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Normal Ligament Structure, Physiology and Function

Bray, Robert C MD* ; Salo, Paul T MD*; Lo, Ian K MD*; Ackermann, Paul PhD; Rattner, J B PhD*; Hart, David A PhD*

Sports Medicine and Arthroscopy Review: September 2005 - Volume 13 - Issue 3 - p 127-135
doi: 10.1097/
Review Article

Skeletal ligaments are well characterized as mechanical stabilizers of diarthrodial joints. New evidence now suggests that the normal regulation of ligament and joint function may occur through a neural and microvascular “axis,” where the physiology of normal ligaments is influenced by heterogeneous cellular, neural, and microvasculature elements. Within ligament tissue, complex networks of cellular processes linked by gap junctions allow the direct cell-to-cell transfer of signaling molecules, whereas sensory innervation and neurovascular reflexes contribute to motor control and affect ligament mechanical properties. The application of new imaging technologies may assist in determining the functional implications of an integrated neural and microvascular axis. Aging and gender related differences in ligament function are also discussed.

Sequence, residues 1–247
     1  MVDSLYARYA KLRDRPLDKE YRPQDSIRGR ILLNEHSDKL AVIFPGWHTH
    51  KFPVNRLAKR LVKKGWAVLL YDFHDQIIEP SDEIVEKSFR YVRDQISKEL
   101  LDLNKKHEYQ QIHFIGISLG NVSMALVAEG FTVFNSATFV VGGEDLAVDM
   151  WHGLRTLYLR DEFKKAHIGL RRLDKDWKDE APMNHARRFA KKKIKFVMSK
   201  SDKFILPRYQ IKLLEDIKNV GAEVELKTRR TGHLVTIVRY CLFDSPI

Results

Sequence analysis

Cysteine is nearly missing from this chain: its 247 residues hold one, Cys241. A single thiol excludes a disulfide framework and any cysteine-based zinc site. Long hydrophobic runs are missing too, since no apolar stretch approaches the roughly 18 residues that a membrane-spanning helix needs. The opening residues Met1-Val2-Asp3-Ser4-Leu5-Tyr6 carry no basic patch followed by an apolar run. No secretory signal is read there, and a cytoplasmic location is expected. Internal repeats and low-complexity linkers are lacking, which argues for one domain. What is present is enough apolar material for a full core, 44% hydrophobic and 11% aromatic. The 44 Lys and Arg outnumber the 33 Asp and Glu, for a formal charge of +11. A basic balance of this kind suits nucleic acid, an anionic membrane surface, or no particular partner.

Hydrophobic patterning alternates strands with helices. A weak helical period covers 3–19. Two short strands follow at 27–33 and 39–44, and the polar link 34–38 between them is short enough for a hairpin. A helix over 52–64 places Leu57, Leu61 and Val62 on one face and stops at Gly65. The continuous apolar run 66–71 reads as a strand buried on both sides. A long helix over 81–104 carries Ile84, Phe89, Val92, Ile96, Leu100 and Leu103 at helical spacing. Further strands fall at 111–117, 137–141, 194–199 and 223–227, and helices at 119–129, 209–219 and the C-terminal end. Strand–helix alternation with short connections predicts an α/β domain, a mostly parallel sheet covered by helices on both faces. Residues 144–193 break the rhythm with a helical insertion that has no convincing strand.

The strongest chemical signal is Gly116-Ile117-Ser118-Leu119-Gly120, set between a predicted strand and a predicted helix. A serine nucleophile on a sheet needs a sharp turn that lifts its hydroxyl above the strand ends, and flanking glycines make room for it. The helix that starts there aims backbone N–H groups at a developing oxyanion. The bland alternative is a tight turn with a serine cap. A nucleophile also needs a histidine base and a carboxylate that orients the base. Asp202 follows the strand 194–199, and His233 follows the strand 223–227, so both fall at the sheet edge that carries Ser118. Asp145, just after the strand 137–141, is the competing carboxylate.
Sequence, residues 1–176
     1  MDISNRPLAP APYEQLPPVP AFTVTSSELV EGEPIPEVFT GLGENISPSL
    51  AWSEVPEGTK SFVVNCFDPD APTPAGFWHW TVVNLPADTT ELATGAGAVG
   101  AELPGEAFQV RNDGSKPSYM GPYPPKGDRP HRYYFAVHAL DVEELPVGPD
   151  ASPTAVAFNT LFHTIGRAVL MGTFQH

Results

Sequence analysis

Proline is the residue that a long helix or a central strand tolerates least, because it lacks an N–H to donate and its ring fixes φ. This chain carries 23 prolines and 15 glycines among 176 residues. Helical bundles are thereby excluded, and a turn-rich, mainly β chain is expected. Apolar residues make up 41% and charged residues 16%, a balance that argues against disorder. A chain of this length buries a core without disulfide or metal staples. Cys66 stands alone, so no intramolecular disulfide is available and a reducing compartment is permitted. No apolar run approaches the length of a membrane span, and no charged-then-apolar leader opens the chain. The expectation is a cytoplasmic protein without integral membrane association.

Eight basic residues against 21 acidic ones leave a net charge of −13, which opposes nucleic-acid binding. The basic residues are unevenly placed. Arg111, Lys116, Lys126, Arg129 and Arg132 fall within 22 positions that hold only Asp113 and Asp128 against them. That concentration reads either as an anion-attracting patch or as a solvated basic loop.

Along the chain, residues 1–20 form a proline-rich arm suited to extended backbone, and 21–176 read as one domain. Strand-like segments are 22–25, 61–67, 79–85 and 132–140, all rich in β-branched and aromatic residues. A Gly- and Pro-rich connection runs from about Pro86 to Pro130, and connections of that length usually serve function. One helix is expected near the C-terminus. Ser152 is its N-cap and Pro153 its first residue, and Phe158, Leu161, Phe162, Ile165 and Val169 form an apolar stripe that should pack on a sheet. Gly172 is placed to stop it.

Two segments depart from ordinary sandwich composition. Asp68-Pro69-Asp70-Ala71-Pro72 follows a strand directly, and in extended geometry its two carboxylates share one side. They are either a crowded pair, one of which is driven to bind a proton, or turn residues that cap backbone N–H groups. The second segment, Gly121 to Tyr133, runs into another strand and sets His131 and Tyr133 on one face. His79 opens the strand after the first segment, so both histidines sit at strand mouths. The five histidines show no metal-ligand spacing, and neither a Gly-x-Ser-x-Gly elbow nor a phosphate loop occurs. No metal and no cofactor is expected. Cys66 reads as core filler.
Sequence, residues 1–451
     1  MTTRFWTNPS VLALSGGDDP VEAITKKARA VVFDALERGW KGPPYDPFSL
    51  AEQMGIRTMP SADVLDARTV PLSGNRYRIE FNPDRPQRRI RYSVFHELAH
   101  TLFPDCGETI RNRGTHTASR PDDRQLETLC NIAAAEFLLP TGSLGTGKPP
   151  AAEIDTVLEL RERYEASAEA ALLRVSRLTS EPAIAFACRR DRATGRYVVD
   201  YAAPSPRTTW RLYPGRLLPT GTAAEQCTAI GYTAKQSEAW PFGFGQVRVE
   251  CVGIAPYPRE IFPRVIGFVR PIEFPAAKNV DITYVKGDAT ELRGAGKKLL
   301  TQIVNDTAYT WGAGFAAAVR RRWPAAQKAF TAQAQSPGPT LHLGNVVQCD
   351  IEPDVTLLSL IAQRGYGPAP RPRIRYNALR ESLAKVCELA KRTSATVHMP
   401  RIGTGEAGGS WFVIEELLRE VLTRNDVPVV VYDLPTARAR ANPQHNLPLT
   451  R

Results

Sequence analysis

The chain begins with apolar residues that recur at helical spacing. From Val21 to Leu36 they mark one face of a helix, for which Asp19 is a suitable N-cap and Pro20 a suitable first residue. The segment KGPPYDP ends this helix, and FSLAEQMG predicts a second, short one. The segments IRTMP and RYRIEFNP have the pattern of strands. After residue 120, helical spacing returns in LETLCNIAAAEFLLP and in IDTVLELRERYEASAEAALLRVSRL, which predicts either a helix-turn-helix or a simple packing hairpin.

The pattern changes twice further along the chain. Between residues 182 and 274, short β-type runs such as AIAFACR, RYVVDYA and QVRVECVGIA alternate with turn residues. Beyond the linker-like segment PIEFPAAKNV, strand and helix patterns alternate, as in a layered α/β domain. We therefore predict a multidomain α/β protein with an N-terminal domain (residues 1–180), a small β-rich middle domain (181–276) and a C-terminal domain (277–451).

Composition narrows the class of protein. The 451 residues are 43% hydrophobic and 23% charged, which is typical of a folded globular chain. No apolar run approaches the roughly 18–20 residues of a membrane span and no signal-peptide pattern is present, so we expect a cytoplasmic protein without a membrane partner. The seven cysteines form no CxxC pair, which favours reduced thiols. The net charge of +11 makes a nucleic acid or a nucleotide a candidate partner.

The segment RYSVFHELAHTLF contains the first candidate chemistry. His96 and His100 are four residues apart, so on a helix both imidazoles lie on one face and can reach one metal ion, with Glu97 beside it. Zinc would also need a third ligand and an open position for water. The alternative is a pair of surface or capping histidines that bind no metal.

From the *McCaig Centre for Joint Injury and Arthritis Research, Department of Surgery, University of Calgary, Calgary, Alberta, Canada; and the †Department of Orthopaedic Science, Karolinska Institutet, Stockholm, Sweden.

Reprints: R. C. Bray, MD, Department of Surgery, University of Calgary, 3330 Hospital Drive, NW Calgary, Alberta Canada T2N (e-mail:

© 2005 Lippincott Williams & Wilkins, Inc.